When an automaker's resources are limited, logic suggests they be diverted to the product that will deliver the greatest return. So it's not surprising that the all-new Grand Cherokee has gotten the lion's share of Jeep's attention, and its vastly improved sales results speak for themselves. For those models farther down the ladder, such as the 2011 Jeep Liberty, the changes are far less dramatic.

Updated significantly for the 2008 model year, the 2011 Liberty is but a mild mid-cycle refresh, despite the need for more drastic action. In fact, Jeep only lists four changes, one of which is a selection of new paint colors.

More important than the three new paint colors are some small interior refinements. Most significant is the new corporate Jeep steering wheel that not only looks better, but is more functional. The new three-spoke wheel offers better materials, more optional steering wheel-mounted controls, and even leather for discerning off-roaders.

Besides the steering wheel, buyers will be most pleased to find a reprogrammed optional touch screen infotainment system. In addition to minor interface upgrades that make it easier to use, the system now offers Garmin-based navigation that's a major improvement over the old unit.

The final update for 2011 is an optional package called Jet. Available on Sport and Limited models, the Jet package is the polar opposite of the Renegade off-road package introduced midway through the 2010 model year. Urban-targeted Jet models get chrome trim, blacked-out headlight surrounds, 20-inch chrome wheels and four additional color options. Inside, they pick up a nine-speaker premium audio system, heated seats, leather trim on the steering wheel, one-touch windows, and optional gray leather seating.

The 2011 Liberty is otherwise identical to the 2010 model. The wheezy 3.7-liter V-6 and four-speed automatic remain, as do the optional part- or full-time 4WD systems. We hope the new 3.6-liter Pentastar V-6 will be added soon, along with the new eight-speed auto. Or Jeep might just wait until the Fiat-based Liberty-replacement hits the market in 2014, but we hope not.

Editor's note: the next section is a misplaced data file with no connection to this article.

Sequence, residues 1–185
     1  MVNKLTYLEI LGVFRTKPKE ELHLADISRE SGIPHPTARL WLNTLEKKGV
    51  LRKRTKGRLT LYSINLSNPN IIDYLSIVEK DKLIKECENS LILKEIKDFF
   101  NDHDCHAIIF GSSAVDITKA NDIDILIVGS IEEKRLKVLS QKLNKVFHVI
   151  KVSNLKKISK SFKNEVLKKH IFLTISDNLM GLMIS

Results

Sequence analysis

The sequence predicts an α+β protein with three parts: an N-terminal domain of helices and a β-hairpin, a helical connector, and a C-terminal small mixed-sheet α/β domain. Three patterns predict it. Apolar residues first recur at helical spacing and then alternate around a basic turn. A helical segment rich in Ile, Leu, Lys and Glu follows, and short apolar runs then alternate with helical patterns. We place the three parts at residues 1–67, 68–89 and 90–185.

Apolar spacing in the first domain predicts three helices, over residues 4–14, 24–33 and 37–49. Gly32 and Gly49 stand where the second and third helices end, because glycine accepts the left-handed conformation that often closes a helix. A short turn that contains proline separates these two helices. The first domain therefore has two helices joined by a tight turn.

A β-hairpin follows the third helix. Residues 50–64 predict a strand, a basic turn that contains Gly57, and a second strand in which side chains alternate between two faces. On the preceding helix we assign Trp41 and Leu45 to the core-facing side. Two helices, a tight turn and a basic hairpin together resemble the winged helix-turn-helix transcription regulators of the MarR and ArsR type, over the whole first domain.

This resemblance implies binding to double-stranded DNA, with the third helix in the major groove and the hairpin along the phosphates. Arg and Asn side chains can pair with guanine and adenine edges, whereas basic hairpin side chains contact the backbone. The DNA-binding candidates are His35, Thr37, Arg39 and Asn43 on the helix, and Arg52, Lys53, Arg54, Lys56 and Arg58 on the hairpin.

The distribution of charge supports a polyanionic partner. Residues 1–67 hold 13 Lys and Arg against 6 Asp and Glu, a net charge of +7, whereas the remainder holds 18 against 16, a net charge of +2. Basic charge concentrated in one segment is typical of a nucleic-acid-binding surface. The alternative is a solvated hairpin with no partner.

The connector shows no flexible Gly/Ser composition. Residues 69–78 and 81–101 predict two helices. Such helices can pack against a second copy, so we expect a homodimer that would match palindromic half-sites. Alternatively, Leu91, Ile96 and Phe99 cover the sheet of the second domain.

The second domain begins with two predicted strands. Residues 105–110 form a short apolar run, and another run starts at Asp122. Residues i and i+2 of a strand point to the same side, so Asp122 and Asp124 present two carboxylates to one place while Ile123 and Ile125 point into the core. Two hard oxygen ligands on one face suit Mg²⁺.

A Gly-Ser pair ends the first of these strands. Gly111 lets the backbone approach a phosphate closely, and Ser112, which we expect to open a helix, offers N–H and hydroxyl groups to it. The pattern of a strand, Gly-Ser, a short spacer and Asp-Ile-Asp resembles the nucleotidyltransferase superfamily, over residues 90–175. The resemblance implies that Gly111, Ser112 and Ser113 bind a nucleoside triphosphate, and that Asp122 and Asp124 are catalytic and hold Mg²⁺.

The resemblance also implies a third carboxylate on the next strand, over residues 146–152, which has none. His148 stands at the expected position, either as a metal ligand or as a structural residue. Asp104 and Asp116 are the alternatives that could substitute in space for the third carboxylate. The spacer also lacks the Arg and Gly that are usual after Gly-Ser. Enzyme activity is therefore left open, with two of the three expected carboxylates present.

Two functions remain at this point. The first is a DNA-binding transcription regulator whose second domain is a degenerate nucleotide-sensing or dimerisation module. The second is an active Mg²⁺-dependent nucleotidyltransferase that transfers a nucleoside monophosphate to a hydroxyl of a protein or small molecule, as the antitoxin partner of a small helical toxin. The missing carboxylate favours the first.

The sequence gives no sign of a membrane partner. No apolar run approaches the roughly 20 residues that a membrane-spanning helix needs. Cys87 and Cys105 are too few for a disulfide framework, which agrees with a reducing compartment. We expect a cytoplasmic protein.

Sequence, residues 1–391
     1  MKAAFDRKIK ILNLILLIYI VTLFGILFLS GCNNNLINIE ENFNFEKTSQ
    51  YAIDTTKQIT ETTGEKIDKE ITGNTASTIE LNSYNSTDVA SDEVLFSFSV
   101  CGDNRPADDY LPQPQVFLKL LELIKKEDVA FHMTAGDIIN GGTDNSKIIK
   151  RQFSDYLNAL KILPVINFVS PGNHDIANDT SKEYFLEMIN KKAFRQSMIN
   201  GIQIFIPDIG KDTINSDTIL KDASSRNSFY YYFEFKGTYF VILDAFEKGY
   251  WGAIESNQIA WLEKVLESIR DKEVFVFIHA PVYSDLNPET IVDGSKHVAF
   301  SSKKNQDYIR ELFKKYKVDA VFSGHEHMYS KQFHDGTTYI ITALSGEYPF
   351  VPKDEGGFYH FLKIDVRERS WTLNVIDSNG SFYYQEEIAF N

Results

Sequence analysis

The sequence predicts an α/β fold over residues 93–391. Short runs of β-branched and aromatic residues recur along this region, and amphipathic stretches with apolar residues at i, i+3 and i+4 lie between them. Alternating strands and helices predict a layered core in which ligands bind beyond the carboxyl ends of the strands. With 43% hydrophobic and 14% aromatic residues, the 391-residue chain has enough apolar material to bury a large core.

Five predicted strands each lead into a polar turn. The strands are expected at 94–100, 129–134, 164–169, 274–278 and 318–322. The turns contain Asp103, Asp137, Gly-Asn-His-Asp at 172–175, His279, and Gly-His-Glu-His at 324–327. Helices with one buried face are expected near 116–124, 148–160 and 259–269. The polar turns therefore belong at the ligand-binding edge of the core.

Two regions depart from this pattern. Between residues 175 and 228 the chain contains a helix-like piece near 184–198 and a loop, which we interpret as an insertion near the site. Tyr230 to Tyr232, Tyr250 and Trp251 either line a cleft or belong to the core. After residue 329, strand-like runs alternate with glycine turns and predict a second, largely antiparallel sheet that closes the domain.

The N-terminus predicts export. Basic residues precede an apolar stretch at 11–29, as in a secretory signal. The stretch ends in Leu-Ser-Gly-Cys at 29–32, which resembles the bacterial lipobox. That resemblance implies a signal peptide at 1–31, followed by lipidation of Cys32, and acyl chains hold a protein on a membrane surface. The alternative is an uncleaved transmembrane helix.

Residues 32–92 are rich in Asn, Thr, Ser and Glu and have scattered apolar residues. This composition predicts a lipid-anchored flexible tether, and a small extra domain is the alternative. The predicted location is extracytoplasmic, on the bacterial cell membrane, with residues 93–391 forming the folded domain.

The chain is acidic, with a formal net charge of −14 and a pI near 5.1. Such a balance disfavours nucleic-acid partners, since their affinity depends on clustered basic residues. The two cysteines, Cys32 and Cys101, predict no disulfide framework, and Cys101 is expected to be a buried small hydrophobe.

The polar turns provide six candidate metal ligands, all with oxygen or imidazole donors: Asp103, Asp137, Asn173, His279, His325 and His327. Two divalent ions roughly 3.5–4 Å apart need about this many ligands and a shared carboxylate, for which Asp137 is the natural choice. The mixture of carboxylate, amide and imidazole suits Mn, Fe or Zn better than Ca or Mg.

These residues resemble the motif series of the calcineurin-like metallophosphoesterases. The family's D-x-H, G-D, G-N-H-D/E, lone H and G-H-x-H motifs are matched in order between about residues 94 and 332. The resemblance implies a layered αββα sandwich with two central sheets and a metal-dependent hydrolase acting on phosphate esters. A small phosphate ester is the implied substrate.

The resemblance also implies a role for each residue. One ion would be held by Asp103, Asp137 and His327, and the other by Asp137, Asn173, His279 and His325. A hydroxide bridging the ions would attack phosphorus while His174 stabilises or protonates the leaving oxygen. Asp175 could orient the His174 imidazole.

The lack of mechanical updates means the Liberty drives just like it used to, i.e., like an SUV. It's tall and the suspension is off-road tuned, so it leans a bit in turns. The steering doesn't communicate much, but it gets the job done. Road and wind noise are on the intrusive side at freeway speeds, but the massive fabric Sky Slider sunroof seals surprisingly well. While the old 3.7-liter feels torquey at low speeds thanks to the off-road-biased gearing, it runs out of breath quickly. The four-speed auto does its best to keep up, and while it could use some more cogs, there's something to be said for simplicity and durability off-road.

Off-road, naturally, is where the Liberty earns its horizontal grille bars. With a 28.7-degree approach angle, 30.1-degree departure angle, and 9.5 inches of chassis ground clearance (7.8 inches under the front axle, 8.1 inches under the rear axle), the Liberty is ready to tackle just about anything. Whether you choose the Selec-Trac II full-time 4WD system or the even more-capable Command-Trac II part-time 4WD system, you've got a real low-range transfer case offering up a 2.72:1 ratio for serious crawling.

On the snowy, muddy trails outside Jackson Hole, Wyoming, the Liberty stepped up, climbing over or powering through anything we threw at it without protest. And when we misjudged an obstacle, the skid plates were there to cover our undercarriages. That torque-biased V-6 feels a lot stronger when it's connected to a transfer case locked in low range, and even makes a nice growl as you power over obstacles. These weren't winch-level trails, but they were challenging enough to give us confidence in the Liberty's ability to handle rougher stuff.

Jeep may not have changed much about the 2011 Liberty, but it didn't take anything away, either. It's small comfort, but despite its rough areas, the Liberty was a pretty capable rig to begin with, so we won't begrudge it incremental improvements. Here's hoping sales pick up enough to pay for further polishing down the road.


2011 Jeep Liberty
Base price $23,995
Vehicle layout Front-engine, RWD/4WD, 5-pass, 4-door, SUV
Engine 3.7L/210-hp/235-lb-ft SOHC 12-valve V-6
Transmission 4-speed automatic
Curb weight 4100-4300 lb (mfr)
Wheelbase 106.1 in
Length x width x height 176.1 x 73.1 x 71.3 in
0-60 mph 10.0 sec (MT est)
EPA city/hwy fuel econ 15-16 / 21-22 mpg
CO2 emissions 1.06-1.13 lb/mile
On sale in U.S. Currently

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